FCC last week outlined the alert- 
operational phases of radio and 
television broadcasting in a war 
emergency under a plan formulat- 
ed by its own study group but still 
subject to final approval of the 
Commission and the Dept. of De- 

The proposal was blueprinted to 
nearly 1,000 licensees and legal and 
consulting engineer representa- 
tives, who were summoned to 
Washington on relatively short 
notice at the FCC's request. 

Numerous broadcasters who at- 
tended the "restricted" session, 
held last Monday at the Commerce 
Dept.'s Interdepartmental Audi- 
torium, found it difficult to reconcile 
the implied "urgency" of the high- 
ly-classified meeting with the re- 
velations detailed to them in a 
restricted document and by FCC 
staff members at the apparent in- 
itiative of the Air Force. 

Additionally, many licensees in- 
dicated they would withhold com- 
ments on the controversial plan 
pending a more representative 
membership on some advisory com- 
mittee which they felt should be 
called in to consult with the Com- 
mission before a plan is ultimately 

Welcome Suggestions 

In the face of obvious confusion 
as to the necessity for calling such 
a meeting — particularly in view 
of the fact that a similar briefing 
session will be held at the NAB 
convention April 16 — FCC staff 
members were quick to welcome 
broadcasters' suggestions — either 
on the plan itself, or on the pos- 
sibility of forming a new industry 
advisory committee (largely tech- 
nical and more nationally repre- 
sentative ) . 

FCC authorities stressed that the 
plan is the end product of months 
of study by government-industry 
groups — a proposal drawn by its 
engineering study groun which, it 
was strongly felt, would have the 
tacit approval of the full Commis- 
sion and military authorities. 

FCC officials submitted the plan 
as a "preview" of actual operating 
procedure which they indicated 
would later be implemented 
through a Board of War Com- 

munications similar to that cre- 
ated during World War II. In 
submitting the proposal, the study 
group rejected other operational 
plans as impractical.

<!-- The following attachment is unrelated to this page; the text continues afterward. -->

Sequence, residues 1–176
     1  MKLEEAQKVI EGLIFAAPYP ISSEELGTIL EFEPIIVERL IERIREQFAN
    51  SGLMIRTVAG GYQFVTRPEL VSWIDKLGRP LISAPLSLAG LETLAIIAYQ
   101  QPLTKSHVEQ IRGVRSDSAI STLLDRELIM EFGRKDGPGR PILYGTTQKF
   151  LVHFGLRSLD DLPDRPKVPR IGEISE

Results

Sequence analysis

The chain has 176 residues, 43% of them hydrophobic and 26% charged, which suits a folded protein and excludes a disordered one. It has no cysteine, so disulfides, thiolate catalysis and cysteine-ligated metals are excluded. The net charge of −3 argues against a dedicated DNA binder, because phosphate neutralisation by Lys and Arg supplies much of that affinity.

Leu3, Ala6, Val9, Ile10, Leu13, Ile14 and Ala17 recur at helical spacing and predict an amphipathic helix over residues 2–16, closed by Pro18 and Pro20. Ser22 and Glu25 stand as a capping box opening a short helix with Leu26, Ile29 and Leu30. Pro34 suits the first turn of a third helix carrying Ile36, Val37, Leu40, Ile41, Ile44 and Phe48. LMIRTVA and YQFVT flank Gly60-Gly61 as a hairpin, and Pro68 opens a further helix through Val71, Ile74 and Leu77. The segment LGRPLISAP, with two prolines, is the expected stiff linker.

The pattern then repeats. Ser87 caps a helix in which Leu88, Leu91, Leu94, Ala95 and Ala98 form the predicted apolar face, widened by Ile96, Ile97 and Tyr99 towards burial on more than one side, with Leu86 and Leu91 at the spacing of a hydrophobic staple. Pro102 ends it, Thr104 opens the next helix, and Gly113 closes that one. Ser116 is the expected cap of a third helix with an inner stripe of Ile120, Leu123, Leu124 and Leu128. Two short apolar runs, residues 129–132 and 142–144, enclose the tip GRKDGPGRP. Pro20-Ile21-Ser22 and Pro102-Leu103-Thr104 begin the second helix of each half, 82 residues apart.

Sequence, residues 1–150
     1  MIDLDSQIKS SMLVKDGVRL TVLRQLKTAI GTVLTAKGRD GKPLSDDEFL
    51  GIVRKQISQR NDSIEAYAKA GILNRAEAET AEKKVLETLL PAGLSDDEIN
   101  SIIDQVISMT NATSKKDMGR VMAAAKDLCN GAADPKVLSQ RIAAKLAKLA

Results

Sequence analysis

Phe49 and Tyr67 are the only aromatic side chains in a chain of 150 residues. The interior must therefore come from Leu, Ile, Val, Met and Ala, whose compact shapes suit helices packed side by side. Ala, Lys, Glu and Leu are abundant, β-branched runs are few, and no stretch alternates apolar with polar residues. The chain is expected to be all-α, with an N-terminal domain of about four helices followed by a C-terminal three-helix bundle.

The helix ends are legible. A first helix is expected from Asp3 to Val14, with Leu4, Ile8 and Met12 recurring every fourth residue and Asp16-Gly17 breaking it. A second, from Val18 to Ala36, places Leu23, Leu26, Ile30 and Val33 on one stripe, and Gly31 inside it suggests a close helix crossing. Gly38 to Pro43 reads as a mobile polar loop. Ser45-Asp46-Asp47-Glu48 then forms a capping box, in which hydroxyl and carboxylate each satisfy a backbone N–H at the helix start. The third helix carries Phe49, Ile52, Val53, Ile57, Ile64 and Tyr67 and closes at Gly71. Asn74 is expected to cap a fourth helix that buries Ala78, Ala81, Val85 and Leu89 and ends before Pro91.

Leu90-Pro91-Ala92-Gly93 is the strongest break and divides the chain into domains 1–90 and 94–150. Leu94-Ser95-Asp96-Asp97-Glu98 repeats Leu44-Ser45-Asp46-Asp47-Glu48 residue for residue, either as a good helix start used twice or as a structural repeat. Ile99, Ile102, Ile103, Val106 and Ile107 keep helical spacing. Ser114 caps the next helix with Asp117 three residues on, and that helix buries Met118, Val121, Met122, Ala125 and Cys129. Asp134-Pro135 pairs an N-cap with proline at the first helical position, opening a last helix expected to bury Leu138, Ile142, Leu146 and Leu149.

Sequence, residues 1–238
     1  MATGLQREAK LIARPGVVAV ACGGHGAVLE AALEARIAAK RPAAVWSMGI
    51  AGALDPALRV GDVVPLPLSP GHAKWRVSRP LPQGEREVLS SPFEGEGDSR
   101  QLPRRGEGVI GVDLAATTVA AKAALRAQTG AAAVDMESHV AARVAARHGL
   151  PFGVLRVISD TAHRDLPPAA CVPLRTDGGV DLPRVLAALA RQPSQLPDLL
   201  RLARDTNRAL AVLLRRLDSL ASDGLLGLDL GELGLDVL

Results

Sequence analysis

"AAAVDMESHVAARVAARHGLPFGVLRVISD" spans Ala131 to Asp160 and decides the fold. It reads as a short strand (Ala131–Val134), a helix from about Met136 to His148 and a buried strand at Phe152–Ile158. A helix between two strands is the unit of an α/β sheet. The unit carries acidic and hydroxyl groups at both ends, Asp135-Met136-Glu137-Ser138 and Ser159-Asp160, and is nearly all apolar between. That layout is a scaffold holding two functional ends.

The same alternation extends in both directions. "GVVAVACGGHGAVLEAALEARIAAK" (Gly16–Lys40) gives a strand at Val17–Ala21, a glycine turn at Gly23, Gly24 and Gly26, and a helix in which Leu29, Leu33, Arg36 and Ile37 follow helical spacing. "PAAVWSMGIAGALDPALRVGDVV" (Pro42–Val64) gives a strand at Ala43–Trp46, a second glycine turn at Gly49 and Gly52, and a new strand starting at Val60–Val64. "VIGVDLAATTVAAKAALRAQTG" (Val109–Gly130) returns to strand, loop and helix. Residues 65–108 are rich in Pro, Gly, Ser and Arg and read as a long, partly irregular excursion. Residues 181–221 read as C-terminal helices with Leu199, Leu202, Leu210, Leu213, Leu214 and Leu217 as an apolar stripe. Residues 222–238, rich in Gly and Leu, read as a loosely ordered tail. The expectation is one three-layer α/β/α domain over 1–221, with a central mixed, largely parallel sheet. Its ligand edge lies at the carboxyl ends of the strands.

Staff members conceded that, 
while they could not speak for top- 
level Commission members, they 
would attempt to get additional in- 
formation and data from radio-TV 
licensees. In the meantime an 
"interim" plan has been completed 
for possible use pending approval 
of the blueprint presented last 

Commission authorities placed 
last week's "emergency" session 
entirely "off-the-record" in the 
interest of security. But it can be 
reported without breaching security 
that the proposal embodies pro- 
visions for taking certain stations 
off the air in the event of im- 
minent air attack, and permitting 

EMERGENCY station operation plan 
was described last Monday at FCC 
mobilization meeting in Washington, 
with some 1,000 broadcasters present. 

Top photo (I to r in foreground): 
Louis Kleinklaus, WQXR New York; 
Edmund Waller, WATR Waterbury, 
Conn.; Robert Crager, WWCO Water- 
bury, Conn.; Robert J. Sinnett, WHBF- 
TV Rock Island, III.; Charles F. 
Quentin, KRNT Des Moines. 

Second from top: Larry Mennitt, 
WVCG Coral Gables, Fla.; Lester 
Gould, WJNC Jacksonville, N. C; 
M. C. Scott, WIOD Miami; C. F. 
Dougherty, WSB Atlanta; Ben Aker- 
man, WGST Atlanta. 

Third from top: Eliot C. Lovett, 
attorney; Campbell Arnoux, John 
Peffer, WTAR-AM-FM-TV Norfolk, 
Va.; Roger Page Jr., Ted Leeper, 
WAAA Winston-Salem, N. C. 

Fourth from top: Arthur Gates Jr., 
WYVE Wytheville, Va.; Ralph D. Ep- 
person, WPAQ Mount Airy, N. C; 
Dr. A. M. Gates, WYVE; Wilfred 
Fisher, WMTC Vancleve, Ky.; Ray- 
mond F. Guy, NBC. 

Bottom: Hoyt Wooten, WREC 
Memphis; Harry H. Carman, WGBB 
Freeport, Long Island; Frank W. Har- 
vey, WMAL Washington; Dwight A. 
Myer, Westinghouse Radio Stations; 
Kenneth H. Berkeley, WMAL. 

others to continue operation pro- 
viding they elect to participate in 
the plan and effect certain tech- 
nical modifications in equipment. 

Aside from welcoming broad- 
casters' recommendations, FCC 

authorities have urged them to set 
up committees in each city as clear- 
inghouses to consult with FCC field 
engineers when the occasion should 
rise. Additionally, instructions 
( Continued on page 69 ) 




For Convention 

NARTB (NAB) last week added 
more polish and sparkle to its pro- 
posed Chicago convention agenda, 
accenting mobilization, sports and 
television's increasingly prominent 
role in the nation's economy and de- 
fense effort. 

The association rounded out a